The government-sponsored enterprises' risk-sharing deals are being hailed as an innovative approach for Fannie Mae and Freddie Mac to offload credit exposure to private markets. But their growing popularity is raising questions about how these transactions should be reported in financial statements.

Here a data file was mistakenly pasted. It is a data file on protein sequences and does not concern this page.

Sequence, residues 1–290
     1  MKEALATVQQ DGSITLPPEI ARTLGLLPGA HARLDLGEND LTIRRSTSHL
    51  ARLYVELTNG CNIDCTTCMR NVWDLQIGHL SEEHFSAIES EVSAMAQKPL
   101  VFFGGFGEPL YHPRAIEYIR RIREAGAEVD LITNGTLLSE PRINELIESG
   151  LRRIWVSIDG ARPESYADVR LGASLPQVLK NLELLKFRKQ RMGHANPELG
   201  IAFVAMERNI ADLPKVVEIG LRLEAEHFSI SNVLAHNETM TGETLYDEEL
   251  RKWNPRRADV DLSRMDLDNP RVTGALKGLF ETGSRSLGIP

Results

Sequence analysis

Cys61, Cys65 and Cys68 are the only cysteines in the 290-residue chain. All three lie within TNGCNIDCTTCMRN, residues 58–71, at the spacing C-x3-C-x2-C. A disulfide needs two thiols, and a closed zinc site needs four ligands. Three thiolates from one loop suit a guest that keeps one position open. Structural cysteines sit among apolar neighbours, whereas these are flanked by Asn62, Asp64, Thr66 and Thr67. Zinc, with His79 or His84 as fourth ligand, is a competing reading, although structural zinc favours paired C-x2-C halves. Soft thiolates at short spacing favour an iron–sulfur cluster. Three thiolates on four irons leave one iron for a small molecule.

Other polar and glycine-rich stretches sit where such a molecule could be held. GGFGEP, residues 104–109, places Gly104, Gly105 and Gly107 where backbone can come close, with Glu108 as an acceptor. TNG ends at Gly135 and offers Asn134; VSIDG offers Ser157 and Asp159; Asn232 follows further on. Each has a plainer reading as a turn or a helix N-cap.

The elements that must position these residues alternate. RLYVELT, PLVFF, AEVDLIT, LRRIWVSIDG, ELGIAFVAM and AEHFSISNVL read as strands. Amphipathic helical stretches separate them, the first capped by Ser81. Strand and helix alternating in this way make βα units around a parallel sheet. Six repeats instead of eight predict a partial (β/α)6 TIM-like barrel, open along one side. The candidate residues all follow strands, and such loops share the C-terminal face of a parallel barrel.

Currently, the risk-sharing bond transactions costs are included in net interest income, a metric defined by generally accepted accounting principles. And so far, the transactions haven't been deemed material enough to break out as a standalone item in its non-GAAP financial details. But if these activities become a more significant component of the GSEs' businesses, it's unclear at this point how they would be reported.

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